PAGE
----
Surface hardness of the die is important for bending super hard materials like Hardox because the edges of the die opening must be as hard, or harder than the plate to prevent damage to the die. The press brake’s clamping system self-seats V-notched American-style upper tools, while standard tools without V-notches clamp without self-seating.
Metal Bernard invested approximately $250,000 in a combination of Cincinnati, Wila and custom made tooling. “The heavy plate bending requires specially designed tools that we developed in-house,” added Veilleux. “To have a press brake of this quality and not give it the right tooling would be like having a NASCAR body with a factory engine.”
Around the World in 15 Days
The company also invested the time to thoroughly research the press brake that best met its needs, while ensuring a good ROI. Representatives from the company traveled around the world to see machines in seven countries over 15 days.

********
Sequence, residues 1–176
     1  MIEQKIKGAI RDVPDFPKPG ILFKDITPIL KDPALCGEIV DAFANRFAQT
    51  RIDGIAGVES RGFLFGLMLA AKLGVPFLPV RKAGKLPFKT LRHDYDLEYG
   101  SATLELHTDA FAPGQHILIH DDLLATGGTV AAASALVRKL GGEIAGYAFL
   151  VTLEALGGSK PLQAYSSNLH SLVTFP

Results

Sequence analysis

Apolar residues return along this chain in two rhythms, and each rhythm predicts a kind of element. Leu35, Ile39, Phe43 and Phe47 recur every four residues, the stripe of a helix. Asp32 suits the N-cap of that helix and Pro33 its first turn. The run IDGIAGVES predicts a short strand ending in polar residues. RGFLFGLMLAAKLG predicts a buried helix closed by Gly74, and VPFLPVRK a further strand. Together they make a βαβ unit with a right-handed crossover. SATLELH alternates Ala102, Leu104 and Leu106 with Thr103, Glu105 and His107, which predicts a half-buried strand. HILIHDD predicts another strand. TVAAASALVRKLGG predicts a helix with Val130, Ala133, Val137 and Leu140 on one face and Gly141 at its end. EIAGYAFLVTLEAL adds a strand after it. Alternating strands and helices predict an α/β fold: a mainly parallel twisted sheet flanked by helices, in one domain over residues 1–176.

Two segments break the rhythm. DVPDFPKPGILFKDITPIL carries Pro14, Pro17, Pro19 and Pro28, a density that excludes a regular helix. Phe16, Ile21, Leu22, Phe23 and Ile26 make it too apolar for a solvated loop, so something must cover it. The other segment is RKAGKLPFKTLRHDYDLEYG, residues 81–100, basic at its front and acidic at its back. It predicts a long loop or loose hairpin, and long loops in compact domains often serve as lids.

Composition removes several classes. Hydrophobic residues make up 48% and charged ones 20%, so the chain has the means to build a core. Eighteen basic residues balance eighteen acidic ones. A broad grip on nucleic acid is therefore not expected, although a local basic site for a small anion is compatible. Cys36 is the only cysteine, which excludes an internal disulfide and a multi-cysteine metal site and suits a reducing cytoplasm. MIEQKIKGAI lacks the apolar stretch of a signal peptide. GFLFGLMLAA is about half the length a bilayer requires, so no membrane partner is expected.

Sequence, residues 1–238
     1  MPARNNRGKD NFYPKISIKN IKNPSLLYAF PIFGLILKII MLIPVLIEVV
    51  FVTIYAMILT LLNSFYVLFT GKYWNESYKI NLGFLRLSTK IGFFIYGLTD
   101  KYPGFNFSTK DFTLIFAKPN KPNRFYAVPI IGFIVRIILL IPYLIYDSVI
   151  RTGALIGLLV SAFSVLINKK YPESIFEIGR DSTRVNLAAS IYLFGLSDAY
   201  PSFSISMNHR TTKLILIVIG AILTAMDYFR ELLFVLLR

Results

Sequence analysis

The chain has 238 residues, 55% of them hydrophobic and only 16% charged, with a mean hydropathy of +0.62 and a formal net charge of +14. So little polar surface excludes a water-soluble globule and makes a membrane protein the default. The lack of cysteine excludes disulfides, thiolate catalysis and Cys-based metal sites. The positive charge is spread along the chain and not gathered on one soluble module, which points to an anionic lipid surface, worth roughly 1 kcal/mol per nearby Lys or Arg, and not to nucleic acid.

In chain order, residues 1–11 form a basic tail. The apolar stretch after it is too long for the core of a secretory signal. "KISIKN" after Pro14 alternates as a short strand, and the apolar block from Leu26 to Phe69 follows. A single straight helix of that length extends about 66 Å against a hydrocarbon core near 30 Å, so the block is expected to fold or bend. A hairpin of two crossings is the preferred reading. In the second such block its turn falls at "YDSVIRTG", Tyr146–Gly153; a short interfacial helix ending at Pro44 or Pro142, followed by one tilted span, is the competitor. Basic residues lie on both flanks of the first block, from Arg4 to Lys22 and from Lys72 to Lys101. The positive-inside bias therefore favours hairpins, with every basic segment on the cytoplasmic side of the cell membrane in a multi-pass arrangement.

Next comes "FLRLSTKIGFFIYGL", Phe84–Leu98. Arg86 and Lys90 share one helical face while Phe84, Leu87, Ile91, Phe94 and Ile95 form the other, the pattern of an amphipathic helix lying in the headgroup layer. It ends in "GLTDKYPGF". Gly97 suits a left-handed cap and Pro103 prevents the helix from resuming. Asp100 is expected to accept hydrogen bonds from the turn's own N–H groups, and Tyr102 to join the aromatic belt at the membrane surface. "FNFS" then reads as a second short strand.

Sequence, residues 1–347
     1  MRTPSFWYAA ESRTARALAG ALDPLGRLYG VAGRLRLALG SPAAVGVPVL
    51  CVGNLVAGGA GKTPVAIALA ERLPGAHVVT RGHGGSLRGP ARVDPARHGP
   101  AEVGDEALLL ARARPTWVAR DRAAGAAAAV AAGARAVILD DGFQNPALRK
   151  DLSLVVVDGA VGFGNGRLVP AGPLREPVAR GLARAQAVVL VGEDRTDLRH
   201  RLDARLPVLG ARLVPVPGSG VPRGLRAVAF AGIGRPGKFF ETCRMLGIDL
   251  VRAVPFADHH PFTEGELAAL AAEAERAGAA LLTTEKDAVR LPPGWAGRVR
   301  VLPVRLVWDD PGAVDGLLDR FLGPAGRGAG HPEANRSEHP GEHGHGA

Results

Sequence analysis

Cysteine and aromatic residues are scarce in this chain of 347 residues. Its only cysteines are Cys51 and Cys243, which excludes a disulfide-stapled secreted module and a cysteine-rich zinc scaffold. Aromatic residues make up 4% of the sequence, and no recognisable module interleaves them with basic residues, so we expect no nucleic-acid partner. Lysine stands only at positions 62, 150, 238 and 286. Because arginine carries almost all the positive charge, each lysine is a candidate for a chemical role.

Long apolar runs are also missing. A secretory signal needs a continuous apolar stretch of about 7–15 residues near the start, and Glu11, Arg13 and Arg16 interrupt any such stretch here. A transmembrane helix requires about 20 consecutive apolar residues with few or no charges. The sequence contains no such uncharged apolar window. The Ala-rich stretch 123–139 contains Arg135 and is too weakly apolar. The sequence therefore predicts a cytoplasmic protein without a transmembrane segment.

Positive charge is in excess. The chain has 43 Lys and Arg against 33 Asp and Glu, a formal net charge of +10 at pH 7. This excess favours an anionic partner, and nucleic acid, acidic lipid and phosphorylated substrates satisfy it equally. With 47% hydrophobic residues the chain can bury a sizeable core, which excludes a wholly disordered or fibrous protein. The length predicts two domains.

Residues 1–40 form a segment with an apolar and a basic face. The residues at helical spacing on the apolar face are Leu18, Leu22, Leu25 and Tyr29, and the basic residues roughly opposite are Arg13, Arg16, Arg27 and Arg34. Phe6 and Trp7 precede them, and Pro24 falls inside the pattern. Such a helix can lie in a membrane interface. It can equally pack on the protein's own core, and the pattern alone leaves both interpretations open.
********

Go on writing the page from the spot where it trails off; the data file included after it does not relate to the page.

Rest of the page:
“We’re in a competitive business and don’t want to make the wrong decision when it comes to something this important,” explained Veilleux. “We implemented a policy to have an operator attend the demos with company executives to give us machine evaluations based on front-line experiences and needs in our shop. Ultimately, we found the brake we needed in Cincinnati.”
According to Veilleux’ partner, Mario Ferland, the Proform impressed with its power and accuracy, as well as its heritage. “We have a customer with a 1949 Cincinnati press brake still operating in their shop,” said Veilleux. “We also look at the long-term investment aspects of machine purchases, and this one is like a tank. It’s built for the long run, and we are running it hard.”
Kemble & Drum Communications